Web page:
Our Last English Road Trip, Part 1: Stonehenge and Salisbury
Even with the crowds of tourists and the A303 whizzing past, Stonehenge is awe-inspiring. Something ancient and inexplicable dwells at Stonehenge. Both Turner and Constable painted Stonehenge, in watercolors that give the impression of something elemental rising out of the landscape. In Tess of the D'Urbervilles, Tess and Angel Clare spend a night at Stonehenge, and its brooding, mysterious presence inspired Thomas Hardy to do what he did best: paint the dark landscape in words.
The band of silver paleness along the east horizon made even the distant parts of the Great Plain appear dark and near; and the whole enormous landscape bore that impress of reserve, taciturnity, and hesitation which is usual just before day. The eastward pillars and their architraves stood up blackly against the light, and the great flame-shaped Sun-stone beyond them; and the Stone of Sacrifice midway. Presently the night wind died out, and the quivering little pools in the cup-like hollows of the stones lay still.
The downs around Stonehenge are broad and lovely under a mild July sky. The ridges are dotted with ancient burial mounds, or barrows, that immediately reminded me of the eerie scene in The Fellowship of the Ring in which the hobbits, soon after leaving Tom Bombadil's house, cross the treacherous Barrow Downs. In the photograph at left, you can see the "heel stone" (with three people standing in front of it), framed in one of the arches of Stonehenge. On the morning of the summer solstice, the sun rises directly above the heel stone and shines through that arch into the inner stone circle.
The mechanical clock in Salisbury Cathedral (ca. 1386).
It's remarkable that Stonehenge has been measuring out the months, and the risings and settings of the sun, for about four thousand years. Time was a theme in our last road trip of our English sabbatical year. We were conscious, the whole time, that in two weeks we will be leaving England. And at Salisbury Cathedral, we serendipitously stumbled upon the world's oldest mechanical clock, which has been ticking away inside the cathedral since 1386. The clock, which runs on weights and gears, has no face or hands, and only strikes the half-hours and hours.
From Stonehenge, we drove down to Old Sarum—the ancient hill fort where the city of Salisbury originally stood. There was a Norman castle on the hilltop, overlooking the original Salisbury Cathedral. In the 13th century, however, it became clear that a waterless hilltop was not a perfect place for a city, and Sarum was moved downhill to modern Salisbury. The foundation stone of the new cathedral was laid in 1220, and the spire (England's tallest) was finished a hundred years later. Since it was built in such a relatively short time, the cathedral is architecturally unified, being all in the Early English Gothic style. In his Notes from a Small Island, Bill Bryson (an American whom the Independent has called the nicest man in Britain) says: "There is no doubt in my mind that Salisbury Cathedral is the single most beautiful structure in England and the close around it the most beautiful space."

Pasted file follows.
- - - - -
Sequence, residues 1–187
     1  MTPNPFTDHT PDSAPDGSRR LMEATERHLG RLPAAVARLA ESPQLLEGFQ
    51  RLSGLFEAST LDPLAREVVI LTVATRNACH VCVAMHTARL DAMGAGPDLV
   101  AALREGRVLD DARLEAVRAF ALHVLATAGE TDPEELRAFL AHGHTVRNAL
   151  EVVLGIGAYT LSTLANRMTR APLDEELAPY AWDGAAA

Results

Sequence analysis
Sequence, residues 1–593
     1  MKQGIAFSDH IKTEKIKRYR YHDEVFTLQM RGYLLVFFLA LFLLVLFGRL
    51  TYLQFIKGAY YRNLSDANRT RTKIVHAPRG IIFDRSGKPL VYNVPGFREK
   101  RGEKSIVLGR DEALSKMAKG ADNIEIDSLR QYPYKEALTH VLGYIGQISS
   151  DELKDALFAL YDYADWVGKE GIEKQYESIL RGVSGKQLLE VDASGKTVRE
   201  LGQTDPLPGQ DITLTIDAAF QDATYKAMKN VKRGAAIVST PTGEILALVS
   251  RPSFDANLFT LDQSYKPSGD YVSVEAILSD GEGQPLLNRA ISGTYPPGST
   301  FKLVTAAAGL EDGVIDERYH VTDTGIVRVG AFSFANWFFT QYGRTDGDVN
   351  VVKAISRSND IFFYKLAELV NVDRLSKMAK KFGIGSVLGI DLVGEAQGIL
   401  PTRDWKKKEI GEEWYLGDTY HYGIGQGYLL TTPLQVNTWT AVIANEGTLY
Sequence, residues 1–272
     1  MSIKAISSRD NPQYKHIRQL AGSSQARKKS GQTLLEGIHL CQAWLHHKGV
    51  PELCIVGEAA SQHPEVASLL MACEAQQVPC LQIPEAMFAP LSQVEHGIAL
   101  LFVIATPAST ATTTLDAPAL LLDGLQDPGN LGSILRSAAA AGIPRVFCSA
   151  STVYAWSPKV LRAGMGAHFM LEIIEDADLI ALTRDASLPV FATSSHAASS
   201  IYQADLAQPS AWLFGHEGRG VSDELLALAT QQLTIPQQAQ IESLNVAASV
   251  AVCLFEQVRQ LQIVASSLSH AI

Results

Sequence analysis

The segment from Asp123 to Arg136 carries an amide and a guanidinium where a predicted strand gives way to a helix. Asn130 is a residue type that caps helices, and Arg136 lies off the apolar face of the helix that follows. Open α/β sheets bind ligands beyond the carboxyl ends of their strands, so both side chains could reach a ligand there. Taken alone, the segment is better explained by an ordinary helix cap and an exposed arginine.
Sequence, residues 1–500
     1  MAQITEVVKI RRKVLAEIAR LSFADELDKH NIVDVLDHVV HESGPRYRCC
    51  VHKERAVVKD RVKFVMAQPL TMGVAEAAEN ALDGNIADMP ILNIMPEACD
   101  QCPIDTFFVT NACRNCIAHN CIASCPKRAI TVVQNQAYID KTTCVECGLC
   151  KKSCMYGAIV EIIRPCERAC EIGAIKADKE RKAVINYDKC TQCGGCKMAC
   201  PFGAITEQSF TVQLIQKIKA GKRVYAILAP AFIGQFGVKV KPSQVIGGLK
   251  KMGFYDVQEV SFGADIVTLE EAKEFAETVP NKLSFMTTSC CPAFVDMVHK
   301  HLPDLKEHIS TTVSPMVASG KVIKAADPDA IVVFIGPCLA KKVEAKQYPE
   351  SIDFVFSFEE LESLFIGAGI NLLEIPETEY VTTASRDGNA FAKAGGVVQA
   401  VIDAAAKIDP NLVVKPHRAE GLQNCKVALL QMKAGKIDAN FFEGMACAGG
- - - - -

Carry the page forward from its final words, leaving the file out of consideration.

The tomb of William Longspee, Earl of Salisbury, who died in 1226.
In the Cathedral Close, there's an "outstanding" (Bill Bryson) little museum with exhibits on Stonehenge and the history of Salisbury, including three wonderful Turner watercolors of the cathedral. One of the oddities is a well-preserved rat discovered inside the skull of William Longspee, a 13th-century Earl of Salisbury, when his tomb was opened a century or two ago. It was suspected that Longspee may have met his death by poison, and, in fact, traces of arsenic were found inside the rat! Longspee is interred in an unusual tomb with a stone effigy resting on a wooden chest. He was the first person to be buried in the new cathedral.
Also in the Cathedral Close is Mompesson House (pictured below), a National Trust property that, unfortunately, we didn't have time to visit on this trip. For me, the chief interest in Mompesson House is that it appeared as Mrs. Jennings' London residence in the superb Ang Lee film of Sense and Sensibility (1995).
After wandering around the cathedral, we headed back to the Market Square for a pub meal. I had forgotten that the pub to visit in Salisbury is The Haunch of Venison (fabulously haunted, and home to a mummified hand cut off in a fight during a card game in the pub), so we ended up eating in a distinctly ordinary pub before rushing over to the local cinema to watch The Simpsons Movie. (In case you're wondering, Louise, I had a pint of Ringwood Best Bitter.)
The façade of the Odeon cinema, Salisbury.
The movie was the boys' reward for putting up with cathedrals and Roman ruins (see the upcoming entry). One of the best things about the experience was the cinema itself, the Odeon, which was worthy of Diagon Alley. The lobby is built into a fifteenth-century banqueting hall, with much of its original façade still intact. From this medieval front, the cinema (opened in 1931) magically widens to accommodate four large screens. The website Cinematopia says: "Surely one of the most remarkable and outright spectacular cinemas in the country, the Odeon Salisbury shows both what can be achieved in cinema design and what twenty-first century audiences are missing in their modern picture palaces."
Next: A day at Fishbourne Roman Palace and Chichester Cathedral.